Inland from the northern city of Braga, towards the Spanish border, is the village of Cerca de Baixo, where visitors can stay at the gorgeous Pousada Mosteiro de Amares (doubles from £105 B&B). This former monastery was converted by the acclaimed Portuguese architect Souto de Moura in the mid-1960s. The hotel blends with the ruins of the monastery and has a great restaurant overlooking the valley of the Cavado river. From here, drive into the Peneda-Geres national park and enjoy the panoramic views from Miradouro Pedra Bela. A scenic 90-minute drive further is the ancient, isolated village of Pitoes das Junias. Surrounded by mountains, this is a place where the villagers still live above their animals in traditional stone cottages and the only disturbance is the occasional eagle overhead.
Schist village and blueberry wine
An old mill building in Talasnal. Photograph: Lev Savitskiy/Getty Images
Near Lousã, in the Coimbra region, the aldeias do xisto (schist villages) stretch east, away from the coast toward the lush, mountainous interior. Talasnal, one of the first villages, is a 30-minute white-knuckle drive from Lousã. It’s a place frozen at the end of the 19th century, and abandoned by permanent residents – the remaining structures are used as holiday lets. When there, be sure to eat at the wonderful Ti’ Lena’s – the only restaurant in town, named after the last permanent resident of the village, where there are only two offerings on the menu on any given night – although the menu promises further dishes “available under consultation”. Stay in one of Talasnal Montanhas do Amor cottages (from €60pn, on Facebook) and enjoy breakfast overlooking the valley, ancient Lousã Castle, and one of the region’s many praias fluvial (river beaches) – all a short hike from the village. If enjoying a glass of wine – I love the local blueberry wine – on your veranda at night, keep an eye for the wild boar that wander by on their nocturnal meanderings.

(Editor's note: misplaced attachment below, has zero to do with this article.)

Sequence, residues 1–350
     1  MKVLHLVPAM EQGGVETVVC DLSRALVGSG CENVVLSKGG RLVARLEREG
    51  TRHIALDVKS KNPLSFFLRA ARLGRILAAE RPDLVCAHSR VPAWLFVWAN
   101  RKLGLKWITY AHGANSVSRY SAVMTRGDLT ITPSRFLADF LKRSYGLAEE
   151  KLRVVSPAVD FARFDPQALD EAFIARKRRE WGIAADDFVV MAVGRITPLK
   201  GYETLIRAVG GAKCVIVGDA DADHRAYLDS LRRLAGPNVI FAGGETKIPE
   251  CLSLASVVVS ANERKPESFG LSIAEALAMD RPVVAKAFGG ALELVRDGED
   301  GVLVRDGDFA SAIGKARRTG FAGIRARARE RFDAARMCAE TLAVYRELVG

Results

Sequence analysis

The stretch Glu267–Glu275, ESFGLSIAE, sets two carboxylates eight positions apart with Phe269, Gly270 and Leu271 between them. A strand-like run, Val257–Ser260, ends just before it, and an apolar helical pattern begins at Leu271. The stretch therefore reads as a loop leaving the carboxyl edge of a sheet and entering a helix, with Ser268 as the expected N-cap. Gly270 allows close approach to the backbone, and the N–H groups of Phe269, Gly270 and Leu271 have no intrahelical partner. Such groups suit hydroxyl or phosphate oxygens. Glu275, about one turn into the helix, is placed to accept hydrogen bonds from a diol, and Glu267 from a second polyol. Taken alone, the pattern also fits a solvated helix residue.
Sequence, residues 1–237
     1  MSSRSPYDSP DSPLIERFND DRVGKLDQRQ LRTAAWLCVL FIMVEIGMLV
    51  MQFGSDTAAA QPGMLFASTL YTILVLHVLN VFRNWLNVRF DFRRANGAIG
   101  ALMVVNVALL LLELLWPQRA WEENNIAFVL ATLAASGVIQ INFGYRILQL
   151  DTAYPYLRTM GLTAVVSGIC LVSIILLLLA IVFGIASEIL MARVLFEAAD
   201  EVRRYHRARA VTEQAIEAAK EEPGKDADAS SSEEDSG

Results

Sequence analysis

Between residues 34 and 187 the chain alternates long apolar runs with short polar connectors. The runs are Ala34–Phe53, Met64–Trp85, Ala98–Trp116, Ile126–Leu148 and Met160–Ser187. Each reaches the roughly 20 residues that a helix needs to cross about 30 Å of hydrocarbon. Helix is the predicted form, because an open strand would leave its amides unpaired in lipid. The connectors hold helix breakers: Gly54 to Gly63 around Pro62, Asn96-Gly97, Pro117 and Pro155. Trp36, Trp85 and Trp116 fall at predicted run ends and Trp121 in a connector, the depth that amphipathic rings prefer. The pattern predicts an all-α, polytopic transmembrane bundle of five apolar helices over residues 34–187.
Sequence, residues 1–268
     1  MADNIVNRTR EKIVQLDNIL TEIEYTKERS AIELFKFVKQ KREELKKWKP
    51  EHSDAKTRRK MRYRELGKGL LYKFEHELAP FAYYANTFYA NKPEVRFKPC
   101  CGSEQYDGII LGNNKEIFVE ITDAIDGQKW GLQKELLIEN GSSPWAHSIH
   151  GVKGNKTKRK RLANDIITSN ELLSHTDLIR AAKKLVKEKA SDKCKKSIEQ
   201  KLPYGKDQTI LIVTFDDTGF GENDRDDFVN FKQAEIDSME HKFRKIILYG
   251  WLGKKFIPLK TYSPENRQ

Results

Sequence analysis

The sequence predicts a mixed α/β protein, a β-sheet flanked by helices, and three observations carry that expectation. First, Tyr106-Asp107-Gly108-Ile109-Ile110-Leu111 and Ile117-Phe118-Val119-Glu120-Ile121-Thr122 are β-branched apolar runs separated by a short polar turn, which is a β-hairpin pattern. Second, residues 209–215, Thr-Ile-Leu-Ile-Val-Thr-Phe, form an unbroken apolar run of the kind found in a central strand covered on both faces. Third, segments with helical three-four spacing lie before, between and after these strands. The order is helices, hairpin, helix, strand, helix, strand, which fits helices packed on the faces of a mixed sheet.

Travellers’ balm in the east
Right by the church in the quiet village of Vila Fernando, near Elvas, Taberna do Adro is a dainty tavern that is balm to the weary traveller and a boon to his stomach. We arrived late after a long journey from Madrid and were soon treated to a cornucopia of dishes illustrating the genius of Alentejo cooking: roasted peppers in olive oil, tiborna (similar to bruschetta), wild asparagus with scrambled eggs, runny and piquant sheep’s cheese, broad beans with chouriço and cured ham that melts on your tongue. Expect to pay a little bit more than in an average village restaurant – and to be happy to do so.
Largo João Deus 1, +351 268 661 194, on Facebook
Trails in the south-west